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Hoffmann, R. A wiki for the life sciences where authorship matters. Nature Genetics (2008)

Glutamine transaminase K is not a major cysteine S-conjugate beta-lyase of rat kidney mitochondria: evidence that a high-molecular weight enzyme fulfills this role.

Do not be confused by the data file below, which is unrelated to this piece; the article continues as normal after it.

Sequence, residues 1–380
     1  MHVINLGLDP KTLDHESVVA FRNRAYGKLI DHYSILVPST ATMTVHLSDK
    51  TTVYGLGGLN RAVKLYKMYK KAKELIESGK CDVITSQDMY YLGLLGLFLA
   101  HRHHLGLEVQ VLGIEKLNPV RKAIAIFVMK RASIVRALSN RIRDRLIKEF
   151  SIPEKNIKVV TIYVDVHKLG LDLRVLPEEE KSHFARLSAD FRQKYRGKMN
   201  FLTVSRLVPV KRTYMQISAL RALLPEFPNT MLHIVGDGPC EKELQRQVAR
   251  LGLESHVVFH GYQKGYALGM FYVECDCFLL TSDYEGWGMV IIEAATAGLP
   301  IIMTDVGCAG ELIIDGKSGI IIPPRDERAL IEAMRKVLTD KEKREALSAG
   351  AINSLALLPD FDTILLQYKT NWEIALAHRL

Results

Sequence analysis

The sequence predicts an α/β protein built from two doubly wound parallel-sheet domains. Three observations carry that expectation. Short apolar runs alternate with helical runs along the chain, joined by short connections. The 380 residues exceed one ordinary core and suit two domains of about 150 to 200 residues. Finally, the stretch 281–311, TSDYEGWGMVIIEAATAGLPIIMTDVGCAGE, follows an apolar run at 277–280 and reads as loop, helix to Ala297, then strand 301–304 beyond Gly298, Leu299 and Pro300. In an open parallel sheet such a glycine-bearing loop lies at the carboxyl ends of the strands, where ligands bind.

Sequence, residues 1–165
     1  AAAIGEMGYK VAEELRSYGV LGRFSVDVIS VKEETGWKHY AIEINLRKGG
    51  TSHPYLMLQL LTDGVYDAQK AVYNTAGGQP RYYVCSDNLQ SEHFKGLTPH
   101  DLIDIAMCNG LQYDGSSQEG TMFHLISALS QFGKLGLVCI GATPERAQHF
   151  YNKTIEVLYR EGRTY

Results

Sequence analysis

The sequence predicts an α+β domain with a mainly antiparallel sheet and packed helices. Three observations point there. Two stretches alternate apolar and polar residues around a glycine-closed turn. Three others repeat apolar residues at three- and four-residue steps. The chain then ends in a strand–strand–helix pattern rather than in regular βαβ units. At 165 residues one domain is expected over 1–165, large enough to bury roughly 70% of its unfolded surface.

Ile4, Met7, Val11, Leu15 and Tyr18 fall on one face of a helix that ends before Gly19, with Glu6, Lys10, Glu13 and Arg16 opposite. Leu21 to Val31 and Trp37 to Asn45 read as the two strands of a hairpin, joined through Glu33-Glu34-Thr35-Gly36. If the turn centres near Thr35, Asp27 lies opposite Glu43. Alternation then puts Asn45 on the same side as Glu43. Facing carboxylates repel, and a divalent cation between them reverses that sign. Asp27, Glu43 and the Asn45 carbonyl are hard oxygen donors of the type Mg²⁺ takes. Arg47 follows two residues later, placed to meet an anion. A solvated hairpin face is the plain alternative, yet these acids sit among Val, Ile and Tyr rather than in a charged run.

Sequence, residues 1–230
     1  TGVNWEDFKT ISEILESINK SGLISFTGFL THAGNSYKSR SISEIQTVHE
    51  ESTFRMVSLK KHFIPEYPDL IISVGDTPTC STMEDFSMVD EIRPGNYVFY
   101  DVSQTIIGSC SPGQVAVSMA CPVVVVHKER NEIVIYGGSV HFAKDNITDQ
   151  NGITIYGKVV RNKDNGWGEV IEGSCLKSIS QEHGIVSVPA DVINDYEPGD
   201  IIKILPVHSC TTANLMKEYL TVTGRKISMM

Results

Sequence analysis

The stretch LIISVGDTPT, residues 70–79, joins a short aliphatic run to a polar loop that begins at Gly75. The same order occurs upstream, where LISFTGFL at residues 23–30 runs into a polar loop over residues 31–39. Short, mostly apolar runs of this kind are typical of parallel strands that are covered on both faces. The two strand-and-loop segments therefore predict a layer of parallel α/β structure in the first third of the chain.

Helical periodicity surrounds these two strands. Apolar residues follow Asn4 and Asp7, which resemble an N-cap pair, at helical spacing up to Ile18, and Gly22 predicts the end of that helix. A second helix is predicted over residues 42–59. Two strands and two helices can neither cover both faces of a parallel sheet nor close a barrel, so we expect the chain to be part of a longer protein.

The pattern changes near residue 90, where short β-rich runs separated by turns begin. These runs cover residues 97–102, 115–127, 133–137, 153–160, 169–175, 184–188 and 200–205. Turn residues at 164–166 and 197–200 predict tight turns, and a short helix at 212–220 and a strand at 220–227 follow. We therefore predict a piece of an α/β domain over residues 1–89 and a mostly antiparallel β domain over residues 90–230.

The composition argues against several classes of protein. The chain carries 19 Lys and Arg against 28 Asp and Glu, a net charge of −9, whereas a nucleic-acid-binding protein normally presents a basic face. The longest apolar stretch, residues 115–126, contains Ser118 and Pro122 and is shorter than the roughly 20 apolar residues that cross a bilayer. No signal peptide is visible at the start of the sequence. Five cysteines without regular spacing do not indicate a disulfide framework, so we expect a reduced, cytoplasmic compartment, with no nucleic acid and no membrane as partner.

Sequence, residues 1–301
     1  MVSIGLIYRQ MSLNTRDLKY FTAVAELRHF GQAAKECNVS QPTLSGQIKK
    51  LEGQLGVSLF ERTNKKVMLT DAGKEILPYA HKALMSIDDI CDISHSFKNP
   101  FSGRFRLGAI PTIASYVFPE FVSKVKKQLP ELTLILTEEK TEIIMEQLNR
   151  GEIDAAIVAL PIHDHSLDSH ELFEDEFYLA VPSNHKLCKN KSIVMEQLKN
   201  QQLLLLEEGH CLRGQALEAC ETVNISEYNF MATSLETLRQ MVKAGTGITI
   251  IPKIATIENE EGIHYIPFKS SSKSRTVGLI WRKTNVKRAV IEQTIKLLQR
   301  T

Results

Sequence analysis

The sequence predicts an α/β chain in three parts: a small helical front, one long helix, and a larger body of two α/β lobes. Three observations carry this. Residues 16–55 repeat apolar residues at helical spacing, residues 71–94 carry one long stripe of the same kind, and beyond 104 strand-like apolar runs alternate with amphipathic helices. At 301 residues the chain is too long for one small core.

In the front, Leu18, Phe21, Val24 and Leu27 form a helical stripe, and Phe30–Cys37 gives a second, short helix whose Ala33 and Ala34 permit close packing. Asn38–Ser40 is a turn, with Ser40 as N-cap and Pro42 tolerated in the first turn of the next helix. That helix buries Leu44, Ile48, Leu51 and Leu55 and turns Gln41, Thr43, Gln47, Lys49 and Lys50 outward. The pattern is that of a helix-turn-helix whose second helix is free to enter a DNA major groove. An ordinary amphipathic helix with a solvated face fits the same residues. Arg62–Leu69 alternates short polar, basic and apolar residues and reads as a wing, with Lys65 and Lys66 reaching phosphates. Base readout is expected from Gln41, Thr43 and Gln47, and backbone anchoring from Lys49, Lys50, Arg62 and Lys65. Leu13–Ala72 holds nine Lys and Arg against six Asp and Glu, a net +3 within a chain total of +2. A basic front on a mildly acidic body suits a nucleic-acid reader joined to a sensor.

Glutamine transaminase K (homodimer; M(r) of monomer approximately 45,000) is a major cysteine S-conjugate beta-lyase of rat kidney cytosol. Several cysteine S-conjugates are known to cause kidney damage. Mitochondria are especially sensitive, and glutamine transaminase K activity is present in the mitochondrial fraction of rat kidneys. Therefore, it is possible that the mitochondrial form of glutamine transaminase K is a cysteine S-conjugate beta-lyase of the rat kidney and that this activity contributes to the mitochondrial damage. However, the literature contains conflicting data on this point. We obtained highly purified mitochondrial glutamine transaminase K and showed that it possesses little cysteine S-conjugate beta-lysae activity with S-(1,2-dichlorovinyl)-L-cysteine and S-(1,1,2,2-tetrafluoroethyl)-L-cysteine as substrates. Recently, a high-molecular-weight cysteine S-conjugate beta-lyase (M(r) approximately 330,000) was shown to be present in the cytosol of rat kidney homogenates and partially purified. We present evidence that suggests that a similar high-molecular-weight enzyme is present in rat kidney mitochondria and that this protein may be a major cysteine S-conjugate beta-lyase of these organelles.[1]


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